Before the war ended, the OPA would issue four ration books.
By 1944, whisky had disappeared from liquor store shelves as distilleries converted to the production of industrial alcohol. New car production was banned beginning January 1, 1942 as former auto plants switched to the production of military vehicles. Thirty percent of all cigarettes produced were allocated for service men, making cigarettes a scarce commodity on the home front by 1944.
The chain of custody was deep and long:
Eventually three billion ration stamps a month, each less than an inch square in size, would be passed from the cluttered handbag of the consumer to the retailer, who passed them on to the wholesaler, who sent them to the manufacturer, who had to account for them to the federal government.
Most restrictions didn’t end until fighting ceased in August 1945. Although gasoline rationing was lifted quickly, sugar rationing lasted in most parts of the country until 1947.
The common good
In 1942, the Great Depression was not a distant memory. Neither was World War I, about 25 years in the past.
Sacrifices for the common good during the war “affected every American household.” Rationing was positioned as an issue of fairness.
In 1943, as a guest on KGW radio in Portland, Oregon, OPA official E.W. Eggen explained:
Suppose the demand for coffee exceeded the supply (which it does) and there were no rationing. What would happen then is that the woman who got [to] the grocery store first would get coffee and the woman who arrived late would get none. That means that the woman working in a defense plant, with not much time for shopping around, would be coffeeless so that the woman who has little else to do but shop would have more. It means that the woman who has no children to tie her home would have plenty of time to stand in line and get coffee, whereas the mother of a family would not. The same principle would apply to towels, sheets, shoes, dresses, any other type of commodity in which shortages might develop.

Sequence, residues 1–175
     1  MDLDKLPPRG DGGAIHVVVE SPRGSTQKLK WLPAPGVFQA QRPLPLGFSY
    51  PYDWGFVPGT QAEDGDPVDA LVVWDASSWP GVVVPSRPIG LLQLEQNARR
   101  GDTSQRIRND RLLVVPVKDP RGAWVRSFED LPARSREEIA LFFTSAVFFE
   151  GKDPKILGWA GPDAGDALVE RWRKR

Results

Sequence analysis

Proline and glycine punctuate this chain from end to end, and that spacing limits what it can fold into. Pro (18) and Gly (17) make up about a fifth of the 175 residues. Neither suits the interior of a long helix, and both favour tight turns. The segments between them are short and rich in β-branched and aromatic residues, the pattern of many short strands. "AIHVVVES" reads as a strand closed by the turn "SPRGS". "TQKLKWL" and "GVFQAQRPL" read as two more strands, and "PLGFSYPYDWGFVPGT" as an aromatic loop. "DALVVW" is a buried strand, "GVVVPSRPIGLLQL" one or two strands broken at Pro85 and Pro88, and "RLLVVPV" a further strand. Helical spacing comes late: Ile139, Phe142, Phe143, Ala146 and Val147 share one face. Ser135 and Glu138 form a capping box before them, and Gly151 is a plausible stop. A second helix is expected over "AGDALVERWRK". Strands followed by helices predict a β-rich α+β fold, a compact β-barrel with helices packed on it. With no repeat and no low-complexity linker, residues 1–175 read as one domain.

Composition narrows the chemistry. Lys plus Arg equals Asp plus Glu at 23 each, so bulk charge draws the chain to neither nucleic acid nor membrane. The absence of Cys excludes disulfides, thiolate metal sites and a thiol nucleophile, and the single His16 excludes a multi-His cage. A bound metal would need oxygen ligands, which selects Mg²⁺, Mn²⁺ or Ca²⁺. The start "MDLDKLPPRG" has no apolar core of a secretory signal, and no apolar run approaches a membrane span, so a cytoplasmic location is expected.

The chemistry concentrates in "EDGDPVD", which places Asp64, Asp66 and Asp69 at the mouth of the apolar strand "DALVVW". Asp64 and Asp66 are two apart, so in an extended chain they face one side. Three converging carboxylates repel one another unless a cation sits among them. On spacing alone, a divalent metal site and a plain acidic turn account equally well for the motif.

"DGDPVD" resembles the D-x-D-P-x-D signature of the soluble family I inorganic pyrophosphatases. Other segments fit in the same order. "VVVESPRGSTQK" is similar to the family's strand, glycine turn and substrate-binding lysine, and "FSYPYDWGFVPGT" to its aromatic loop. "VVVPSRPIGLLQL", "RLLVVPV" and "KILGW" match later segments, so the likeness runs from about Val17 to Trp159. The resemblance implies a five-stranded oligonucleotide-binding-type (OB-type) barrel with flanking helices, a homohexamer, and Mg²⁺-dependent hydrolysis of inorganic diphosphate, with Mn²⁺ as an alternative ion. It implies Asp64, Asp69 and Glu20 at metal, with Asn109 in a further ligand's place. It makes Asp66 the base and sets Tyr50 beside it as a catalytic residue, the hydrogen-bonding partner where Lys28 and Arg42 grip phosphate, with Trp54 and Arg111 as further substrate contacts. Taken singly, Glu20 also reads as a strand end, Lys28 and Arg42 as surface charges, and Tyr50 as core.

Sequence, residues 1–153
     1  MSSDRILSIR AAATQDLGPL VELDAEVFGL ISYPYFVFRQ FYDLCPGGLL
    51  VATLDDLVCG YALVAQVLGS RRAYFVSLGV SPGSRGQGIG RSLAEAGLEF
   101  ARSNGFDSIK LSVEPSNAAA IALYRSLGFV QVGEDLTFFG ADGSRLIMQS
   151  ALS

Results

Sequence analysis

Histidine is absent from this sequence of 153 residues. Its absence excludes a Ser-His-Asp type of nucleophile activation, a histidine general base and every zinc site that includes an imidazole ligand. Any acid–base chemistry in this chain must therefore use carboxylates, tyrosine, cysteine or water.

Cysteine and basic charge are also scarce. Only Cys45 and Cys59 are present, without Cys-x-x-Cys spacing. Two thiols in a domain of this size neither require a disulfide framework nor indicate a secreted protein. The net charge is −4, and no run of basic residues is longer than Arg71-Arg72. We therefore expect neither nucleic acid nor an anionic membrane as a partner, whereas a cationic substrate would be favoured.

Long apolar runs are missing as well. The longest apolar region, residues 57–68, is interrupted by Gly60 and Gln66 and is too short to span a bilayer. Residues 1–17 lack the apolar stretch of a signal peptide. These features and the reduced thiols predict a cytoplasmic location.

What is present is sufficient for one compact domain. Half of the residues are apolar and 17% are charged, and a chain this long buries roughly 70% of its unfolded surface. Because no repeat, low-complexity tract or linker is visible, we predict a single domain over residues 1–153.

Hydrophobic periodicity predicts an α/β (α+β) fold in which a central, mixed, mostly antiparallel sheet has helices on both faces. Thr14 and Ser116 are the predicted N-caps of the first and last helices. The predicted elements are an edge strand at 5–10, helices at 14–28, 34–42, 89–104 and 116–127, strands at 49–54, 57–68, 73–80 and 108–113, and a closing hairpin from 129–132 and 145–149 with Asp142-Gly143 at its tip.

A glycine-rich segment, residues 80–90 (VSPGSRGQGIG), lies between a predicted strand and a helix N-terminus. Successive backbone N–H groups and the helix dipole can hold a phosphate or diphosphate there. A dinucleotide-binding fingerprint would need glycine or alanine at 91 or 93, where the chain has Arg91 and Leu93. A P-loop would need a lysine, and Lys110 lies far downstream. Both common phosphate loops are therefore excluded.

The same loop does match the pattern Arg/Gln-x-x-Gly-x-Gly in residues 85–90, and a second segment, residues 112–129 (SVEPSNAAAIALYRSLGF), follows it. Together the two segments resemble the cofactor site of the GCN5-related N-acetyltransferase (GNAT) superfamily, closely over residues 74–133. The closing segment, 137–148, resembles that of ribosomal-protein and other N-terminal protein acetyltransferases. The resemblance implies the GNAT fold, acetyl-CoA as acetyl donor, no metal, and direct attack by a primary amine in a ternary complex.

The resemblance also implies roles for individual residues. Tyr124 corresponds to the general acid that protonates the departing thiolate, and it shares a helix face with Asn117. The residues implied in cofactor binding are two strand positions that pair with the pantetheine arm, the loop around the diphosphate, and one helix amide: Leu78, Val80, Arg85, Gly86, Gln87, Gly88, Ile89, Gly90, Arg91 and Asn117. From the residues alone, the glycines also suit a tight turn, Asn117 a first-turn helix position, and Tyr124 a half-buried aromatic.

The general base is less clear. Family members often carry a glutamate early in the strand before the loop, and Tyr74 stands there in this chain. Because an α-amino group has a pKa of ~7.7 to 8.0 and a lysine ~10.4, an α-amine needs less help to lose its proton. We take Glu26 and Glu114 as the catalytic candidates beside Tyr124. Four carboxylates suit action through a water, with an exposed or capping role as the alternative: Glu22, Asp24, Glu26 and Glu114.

Except when rationing extended to meat. That’s when many citizens began complaining; the meat industry began ‘gouging’ by selling lower quality at higher prices; and cattle rustling came back in style.
However, like today, the complainers appear a bit selfish:
[M]any low-income Americans could barely afford meat during the Great Depression, and massive government spending helped stimulate the economy back into action. With plentiful jobs during the war years and a system of equal rationing and price controls, the bottom third of American earners actually increased their meat consumption by around 17 percent, by one calculation. The top two-thirds, however, saw their meat consumption decline by around 4 percent (emphasis added).